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From LABOR-L@YORKU.CA Thu Mar 1 15:13:23 2001
Date: Thu, 1 Mar 2001 09:08:49 -0000
Reply-To: peter waterman <waterman@antenna.nl>
Sender: Forum on Labor in the Global Economy <LABOR-L@YORKU.CA>
From: peter waterman <p_waterman@HOTMAIL.COM>
Subject: The Real World and the Virtual WFTU
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The Real World and the Virtual WFTU

By Peter Waterman, 1 March 2001

Charlie Brown does us yet another service by providing us with formal documents from the WFTU's Congress in Delhi, 2000. At least I think this is where they came from, since they look very much like what is up on the WFTU's virtual website (began and ended with that Congress, on last check).

The general style of the document recalls the formalism, self-referentiality and evasiveness I recall so well from 30-40 years ago. Check out the language it uses to deal with the self-subordination of WFTU and its major member organisations to the Communist states and Communist parties.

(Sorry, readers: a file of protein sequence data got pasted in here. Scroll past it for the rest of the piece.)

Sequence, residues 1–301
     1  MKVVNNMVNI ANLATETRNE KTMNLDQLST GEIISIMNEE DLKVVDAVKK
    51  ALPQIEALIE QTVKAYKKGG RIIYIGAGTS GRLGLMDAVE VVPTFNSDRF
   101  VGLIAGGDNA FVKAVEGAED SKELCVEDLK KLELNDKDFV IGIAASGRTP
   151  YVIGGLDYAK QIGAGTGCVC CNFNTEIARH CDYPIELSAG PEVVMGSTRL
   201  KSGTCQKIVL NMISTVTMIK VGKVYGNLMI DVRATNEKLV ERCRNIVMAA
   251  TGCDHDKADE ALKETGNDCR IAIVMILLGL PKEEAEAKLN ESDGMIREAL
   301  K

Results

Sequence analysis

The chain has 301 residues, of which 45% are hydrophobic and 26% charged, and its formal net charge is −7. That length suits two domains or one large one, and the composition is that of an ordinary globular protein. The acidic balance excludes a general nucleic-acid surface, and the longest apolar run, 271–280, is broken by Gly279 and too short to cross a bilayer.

Perhaps Charlie can also explain to us what this material is meant to prove or serve?

If, for example, I produced a sharp critique of the ICFTU, and some defender thereof retorted by sending me its constitution or official declarations, neither I nor Charlie would consider this an adequate response.

Perhaps Charlie can tell us what either the WFTU or its member organisations are proposing as an alternative to the ICFTU's policy for advancing international labour rights by lobbying for a Social Clause within the WTO? As someone engaged in criticising this and dialoging on the matter with international union officers, I would love to know.

Charlie's documentation, rather, demonstrates what I initially suggested: that the WFTU is an institution without a function, a form without content. Its only role is to provide the romantic, the ignorant and the fundamentalist with a symbol of resistance, or revolution, of anti-imperialism and class-struggle unionism. A symbol, however, stands for something real. When it stands instead of the real thing it becomes a token - something which replaces the real thing.

Life is elsewhere.